Hi. I’m Maeve Marsden and you’re listening to Queerstories – the podcast for the LGBTQIA storytelling night I host and programme in Sydney and Melbourne. Next up – Vonne Patiag. Vonne is an award-winning writer and director working in theatre and film. I really love this story, which explores both creative and sexual identities, and the hard but important work of discovering your own voice. Vonne performed at the Western Sydney Queerstories at Riverside Theatre that I hosted as part of Sydney Mardi Gras.
Most filmmakers have a turning point, a project that seems to strike the right mix of authentic storytelling and technical artistry, when most Directors will say, “I’ve found my voice.” For so long, I was expecting that to happen, moving from job to job, city to city, project after project, country to country, waiting for the heavens to open. It took a near-death experience involving a pineapple and some shaman voodoo to help me finally mine, and, boy, did my voice have a lot to say.
In 2016, I made a short film called Window, set in Western Sydney, but at the time I was not living here. I had lived in the Inner West for just under six years, then travelled the world for a year. And, still feeling a strange creative and emotional emptiness inside, I did what all bored Sydneysiders do, and moved to Melbourne.
I loved the change of pace. I mostly sat in cafes and wrote, or read books, or hung out with new theatre friends, but mostly I liked the chance to restart my life. Like Sailor Moon, I was a soldier of love, but romance had never come to me easily, and I wanted to find out why. On a whim, I applied for a filmmaking grant and got commissioned to make Window, with one stipulation: Nothing could change from the pitch. I had randomly listed the film’s setting as Western Sydney, and the film festival that had green-lit the film had said they loved it. I was on Centrelink, I mean, unemployed, and somehow I had to figure out how to make a film in another state with little to no money. I started calling in favour after favour, and after a while, it seemed possible. I would write, direct and star in the film, following my very 2016 dream of becoming the Filipino Lena Dunham.
Yes! I flew to Sydney for meetings and became a bi-coastal artist. And, yes, I’m aware Sydney and Melbourne are on the same coast, but it sounds really cool in an Instagram bio.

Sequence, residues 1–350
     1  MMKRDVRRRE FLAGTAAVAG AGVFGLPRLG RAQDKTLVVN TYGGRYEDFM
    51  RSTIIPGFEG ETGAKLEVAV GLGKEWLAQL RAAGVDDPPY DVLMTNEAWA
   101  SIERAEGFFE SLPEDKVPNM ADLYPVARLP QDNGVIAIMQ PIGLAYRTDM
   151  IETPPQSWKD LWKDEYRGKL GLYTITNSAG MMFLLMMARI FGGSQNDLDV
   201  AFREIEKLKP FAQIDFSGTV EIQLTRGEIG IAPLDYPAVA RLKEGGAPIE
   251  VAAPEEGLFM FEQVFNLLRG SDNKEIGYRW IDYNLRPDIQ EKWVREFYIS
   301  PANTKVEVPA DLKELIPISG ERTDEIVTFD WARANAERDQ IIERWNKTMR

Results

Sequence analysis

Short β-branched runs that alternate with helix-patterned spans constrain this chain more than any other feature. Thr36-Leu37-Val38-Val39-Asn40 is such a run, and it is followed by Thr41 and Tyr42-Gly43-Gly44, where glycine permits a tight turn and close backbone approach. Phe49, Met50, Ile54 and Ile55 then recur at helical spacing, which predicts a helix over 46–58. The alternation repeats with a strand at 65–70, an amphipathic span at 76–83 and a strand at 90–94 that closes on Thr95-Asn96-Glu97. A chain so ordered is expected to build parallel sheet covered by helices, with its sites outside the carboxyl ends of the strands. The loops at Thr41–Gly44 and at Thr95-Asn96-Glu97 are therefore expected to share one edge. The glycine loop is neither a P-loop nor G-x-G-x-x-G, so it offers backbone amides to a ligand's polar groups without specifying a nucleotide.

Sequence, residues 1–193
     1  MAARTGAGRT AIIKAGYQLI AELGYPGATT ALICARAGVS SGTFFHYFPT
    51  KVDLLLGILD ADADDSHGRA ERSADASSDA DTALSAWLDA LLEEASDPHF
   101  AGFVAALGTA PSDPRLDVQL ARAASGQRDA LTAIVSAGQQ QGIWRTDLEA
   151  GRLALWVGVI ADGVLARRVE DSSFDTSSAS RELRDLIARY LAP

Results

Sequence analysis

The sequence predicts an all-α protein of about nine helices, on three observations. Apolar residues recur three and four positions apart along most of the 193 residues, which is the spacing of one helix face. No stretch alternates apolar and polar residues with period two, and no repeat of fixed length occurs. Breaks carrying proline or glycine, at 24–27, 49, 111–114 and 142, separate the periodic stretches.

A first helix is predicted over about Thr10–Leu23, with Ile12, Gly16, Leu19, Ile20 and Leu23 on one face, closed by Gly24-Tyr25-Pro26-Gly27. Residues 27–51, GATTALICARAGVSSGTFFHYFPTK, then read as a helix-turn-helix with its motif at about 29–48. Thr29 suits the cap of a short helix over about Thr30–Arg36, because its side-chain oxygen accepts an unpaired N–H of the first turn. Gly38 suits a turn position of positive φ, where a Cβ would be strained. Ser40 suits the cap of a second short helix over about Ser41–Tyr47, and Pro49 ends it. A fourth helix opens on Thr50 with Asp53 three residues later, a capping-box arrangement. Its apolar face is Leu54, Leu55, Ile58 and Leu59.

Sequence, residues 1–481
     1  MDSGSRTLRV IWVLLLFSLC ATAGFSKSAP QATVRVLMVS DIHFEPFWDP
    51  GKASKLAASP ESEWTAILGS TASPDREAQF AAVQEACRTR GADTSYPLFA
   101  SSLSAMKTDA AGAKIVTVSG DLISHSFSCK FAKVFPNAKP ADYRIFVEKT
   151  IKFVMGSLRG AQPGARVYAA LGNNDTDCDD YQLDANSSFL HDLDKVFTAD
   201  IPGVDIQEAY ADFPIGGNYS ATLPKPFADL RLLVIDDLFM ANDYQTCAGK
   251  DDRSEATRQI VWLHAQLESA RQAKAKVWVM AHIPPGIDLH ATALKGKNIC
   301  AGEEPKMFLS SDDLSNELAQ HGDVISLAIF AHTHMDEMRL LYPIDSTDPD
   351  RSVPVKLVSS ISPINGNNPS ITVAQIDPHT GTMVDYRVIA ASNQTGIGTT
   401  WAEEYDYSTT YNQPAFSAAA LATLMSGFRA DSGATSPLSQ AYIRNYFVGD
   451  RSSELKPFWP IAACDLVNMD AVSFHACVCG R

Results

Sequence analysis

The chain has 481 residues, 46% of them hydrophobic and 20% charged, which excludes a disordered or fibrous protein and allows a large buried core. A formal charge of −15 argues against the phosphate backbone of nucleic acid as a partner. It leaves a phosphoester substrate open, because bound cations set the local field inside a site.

I remember in particular the first meeting I had with J, an actor friend of mine that I had wanted for the role opposite me. We spoke openly about masculinity, male intimacy and friendship, and I relayed a story to him that I hadn’t realized until then was important. In the year prior, 2015, I had found myself in New Orleans on Bourbon St at 3 A.M. and drunkenly stumbled into a voodoo house. I paid $30 for a reading with a voodoo priest and had the most intense experience. It was like instant therapy. All my fears evaporated like mist. I found myself sweating, but I wasn’t hot. I walked the six Ks back to the hostel and stared at my naked body for hours in the mirror. I told J this story, not understanding the connection yet, but I had written the bathroom scene into the film, so I thought I was just giving it context. I was not hinting at sexuality, and it was a relief when J understood the film was personal.
The film, Window, is about an intimate connection between two male neighbours, examining physicality and male emotional intimacy that culminates in a kiss in a sports car. We did that kissing scene over and over again from different angles, every angle, and we licked lips almost fifty times. My lips were bleeding by the end of it. But, notice, I didn’t label the film. For me, acting in and eventually seeing the kiss between two men was never gay or queer, and that wasn’t denial stopping me. I fought heavily to capture a tone of emotional intimacy between two males that wasn’t sexually charged, and I honed in on the most nuanced parts of the production to make sure every element supported this vision. I even appeared naked in the film and made every effort to not appear sexy… which is hard.
Just a tangent: I remember my DP saying, “Vonne, you need to spread your legs a bit further to get more light in the butt cheeks.” I was like, “Not sexy.”